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Unique Double-Barreled Enzyme Makes Methionine the Hard Way

Unique Double-Barreled Enzyme Makes Methionine the Hard Way


If a cell is a complex symphony of chemical reactions, its enzymes are the instruments through which this elemental music is played. Each reaction is catalyzed by a specific enzyme, whose uniquely shaped active site not only binds reactants, but, by forming weak and temporary bonds, coaxes them into new orientations with new partners, thus creating the products. Determining exactly how any individual enzyme accomplishes this task—which amino acids make up the active site, which bonds form where when enzyme meets substrate, which electrons switch partners as new bonds form—is the work of the structural biochemist. In this issue, Martha Ludwig and Robert Pejchal elucidate the structure of cobalamin-independent methionine synthase (MetE) from the bacterium Thermotoga maritima, and describe how it catalyzes the formation of the amino acid methionine.

Methionine synthases actually come in two forms, which use somewhat different mechanisms to accomplish the same task: transfer of a methyl group (CH3) from methyltetrahydrofolate to the terminal sulfur of homocysteine. The cobalamin-dependent form, MetH, relies on the cofactor cobalamin (vitamin B12), which pulls the methyl away at one active site, and then donates it at a second active site. Here, a central zinc atom binds and activates homocysteine, enabling it to attack the incoming methyl group that is attached to cobalamin. MetE, on the other hand, has no cofactor and only one active site, which sits at the junction of two eight-stranded barrels. The structure and sequence of these barrels indicate they arose through duplication of a primordial zinc-bearing, homocysteine-binding protein. This unique duplex now bears only one zinc atom, deep within the cleft separating the two barrels.

As in MetH, the role of the zinc is to bind homocysteine, but in MetE, this event also induces a conformation change around the zinc. The zinc and its coordinating partners form an umbrella; entering from the handle end, the homocysteine sulfur pulls the zinc toward it and turns the umbrella inside out. Methyltetrahydrofolate initially binds along the edge of the cleft, with the methyl group on the folate oriented far from the sulfur on the homocysteine, as can be seen in the research article's Video S1 (DOI: 10.1371/journal.pbio.0030031.sv001). There must be subsequent conformational changes within the active site that serve to bring the two substrates together and promote transfer of the methyl group. Exactly how methyltetrahydrofolate reorients within the cleft to complete the reaction is not yet clear. The reaction catalyzed by MetE proceeds slowly, at only 1%–2% of the speed of that catalyzed by MetH. One reason for this rather sluggish activity is that homocysteine, even when activated by binding to zinc, is much poorer than cobalamin at displacing the methyl group of methyltetrahydrofolate.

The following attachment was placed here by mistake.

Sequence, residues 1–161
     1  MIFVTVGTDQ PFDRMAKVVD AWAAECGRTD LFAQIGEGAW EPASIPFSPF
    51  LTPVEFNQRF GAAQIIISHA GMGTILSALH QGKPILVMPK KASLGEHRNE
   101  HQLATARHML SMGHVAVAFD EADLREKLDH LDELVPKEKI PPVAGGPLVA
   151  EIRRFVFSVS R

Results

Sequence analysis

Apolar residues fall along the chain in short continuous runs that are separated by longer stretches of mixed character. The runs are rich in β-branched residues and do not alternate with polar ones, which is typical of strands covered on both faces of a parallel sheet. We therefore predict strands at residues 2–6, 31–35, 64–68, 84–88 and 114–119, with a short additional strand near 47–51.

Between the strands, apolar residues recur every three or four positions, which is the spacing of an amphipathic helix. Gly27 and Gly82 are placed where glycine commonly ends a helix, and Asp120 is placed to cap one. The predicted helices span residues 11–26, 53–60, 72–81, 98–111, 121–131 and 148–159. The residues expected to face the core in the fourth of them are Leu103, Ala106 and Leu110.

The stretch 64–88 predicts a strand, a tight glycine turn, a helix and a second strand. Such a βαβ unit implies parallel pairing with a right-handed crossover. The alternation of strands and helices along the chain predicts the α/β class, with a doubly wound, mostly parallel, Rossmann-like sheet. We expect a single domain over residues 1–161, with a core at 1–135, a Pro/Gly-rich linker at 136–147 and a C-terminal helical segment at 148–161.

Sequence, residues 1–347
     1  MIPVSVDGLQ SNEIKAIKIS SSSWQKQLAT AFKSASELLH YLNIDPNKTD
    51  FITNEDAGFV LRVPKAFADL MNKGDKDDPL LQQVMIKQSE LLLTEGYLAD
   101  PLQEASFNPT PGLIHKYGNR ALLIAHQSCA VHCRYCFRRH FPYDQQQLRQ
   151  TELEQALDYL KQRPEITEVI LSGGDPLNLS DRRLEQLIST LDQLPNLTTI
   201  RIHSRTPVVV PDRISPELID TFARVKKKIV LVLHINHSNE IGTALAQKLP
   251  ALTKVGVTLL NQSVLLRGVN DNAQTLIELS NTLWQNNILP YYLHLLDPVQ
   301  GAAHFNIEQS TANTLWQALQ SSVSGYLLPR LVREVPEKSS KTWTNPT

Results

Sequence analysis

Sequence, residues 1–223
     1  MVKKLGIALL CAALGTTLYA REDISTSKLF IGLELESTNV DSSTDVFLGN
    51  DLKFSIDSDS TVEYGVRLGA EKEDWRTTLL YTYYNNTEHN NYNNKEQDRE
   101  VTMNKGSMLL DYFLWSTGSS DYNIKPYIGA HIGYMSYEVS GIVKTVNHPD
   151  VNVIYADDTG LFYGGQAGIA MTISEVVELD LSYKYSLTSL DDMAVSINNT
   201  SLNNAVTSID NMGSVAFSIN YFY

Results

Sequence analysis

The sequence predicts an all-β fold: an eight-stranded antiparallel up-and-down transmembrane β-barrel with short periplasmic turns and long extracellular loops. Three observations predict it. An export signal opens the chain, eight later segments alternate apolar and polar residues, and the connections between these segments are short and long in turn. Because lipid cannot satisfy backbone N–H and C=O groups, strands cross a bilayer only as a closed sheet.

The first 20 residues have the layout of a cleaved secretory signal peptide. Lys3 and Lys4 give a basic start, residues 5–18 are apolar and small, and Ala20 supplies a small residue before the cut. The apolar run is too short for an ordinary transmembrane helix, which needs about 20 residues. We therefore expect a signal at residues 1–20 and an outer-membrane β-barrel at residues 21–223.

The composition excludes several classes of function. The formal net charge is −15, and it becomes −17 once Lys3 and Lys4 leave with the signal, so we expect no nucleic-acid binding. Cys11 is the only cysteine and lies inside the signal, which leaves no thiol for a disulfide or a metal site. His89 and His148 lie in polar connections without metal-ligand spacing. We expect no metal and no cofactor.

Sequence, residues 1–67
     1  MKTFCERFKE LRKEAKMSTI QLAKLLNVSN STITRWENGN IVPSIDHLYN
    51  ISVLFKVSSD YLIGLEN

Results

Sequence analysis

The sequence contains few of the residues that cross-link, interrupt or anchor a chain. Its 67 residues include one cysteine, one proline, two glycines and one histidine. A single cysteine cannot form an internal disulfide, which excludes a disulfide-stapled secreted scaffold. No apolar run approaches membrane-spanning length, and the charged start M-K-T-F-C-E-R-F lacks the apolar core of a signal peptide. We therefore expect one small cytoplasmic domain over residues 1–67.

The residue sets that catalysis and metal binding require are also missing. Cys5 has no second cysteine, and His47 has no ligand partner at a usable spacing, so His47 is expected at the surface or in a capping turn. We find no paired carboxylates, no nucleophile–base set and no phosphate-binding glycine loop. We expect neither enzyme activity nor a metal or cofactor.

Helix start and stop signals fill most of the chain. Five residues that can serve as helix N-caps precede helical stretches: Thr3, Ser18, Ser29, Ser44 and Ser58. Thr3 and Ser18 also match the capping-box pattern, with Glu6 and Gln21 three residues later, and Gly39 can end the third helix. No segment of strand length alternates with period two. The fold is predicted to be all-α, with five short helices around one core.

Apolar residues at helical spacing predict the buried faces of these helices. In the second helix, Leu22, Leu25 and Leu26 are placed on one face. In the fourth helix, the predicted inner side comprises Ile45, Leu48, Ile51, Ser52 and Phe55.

While MetE's unique active-site structure was made possible by gene duplication, the two barrels are no longer identical. Through evolution, the second, N-terminal, barrel has lost the ability to bind zinc or homocysteine, and indeed appears to contribute little to the active function of the enzyme. Nonetheless, this barrel may be necessary to temporarily isolate the substrates from solvent and to form the hydrophobic environment in which the reaction is more favorable. Further research may indicate more about the function of this unequal partner, and provide more detail on the exact atomic movements within the cleft at the moment of reaction.